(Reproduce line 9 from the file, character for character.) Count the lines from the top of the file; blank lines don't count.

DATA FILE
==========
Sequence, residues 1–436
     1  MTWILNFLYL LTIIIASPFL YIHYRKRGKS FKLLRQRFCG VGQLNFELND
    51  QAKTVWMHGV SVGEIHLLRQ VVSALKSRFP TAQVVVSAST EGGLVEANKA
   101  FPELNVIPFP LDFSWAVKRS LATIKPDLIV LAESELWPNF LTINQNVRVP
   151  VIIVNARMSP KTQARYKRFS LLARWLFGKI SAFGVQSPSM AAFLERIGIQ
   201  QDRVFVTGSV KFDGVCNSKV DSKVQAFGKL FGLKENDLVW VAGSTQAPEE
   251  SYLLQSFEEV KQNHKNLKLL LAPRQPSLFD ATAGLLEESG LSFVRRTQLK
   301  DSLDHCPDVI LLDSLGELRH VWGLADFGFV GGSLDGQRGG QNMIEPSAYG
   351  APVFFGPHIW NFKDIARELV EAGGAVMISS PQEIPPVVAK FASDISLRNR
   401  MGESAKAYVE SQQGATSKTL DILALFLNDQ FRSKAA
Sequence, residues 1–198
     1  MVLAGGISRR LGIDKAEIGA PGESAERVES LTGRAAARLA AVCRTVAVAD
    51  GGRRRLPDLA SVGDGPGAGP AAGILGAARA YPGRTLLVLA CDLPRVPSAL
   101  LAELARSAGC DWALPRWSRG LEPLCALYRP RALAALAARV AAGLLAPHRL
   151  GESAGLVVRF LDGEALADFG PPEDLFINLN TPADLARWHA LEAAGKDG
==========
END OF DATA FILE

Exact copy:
   351  APVFFGPHIW NFKDIARELV EAGGAVMISS PQEIPPVVAK FASDISLRNR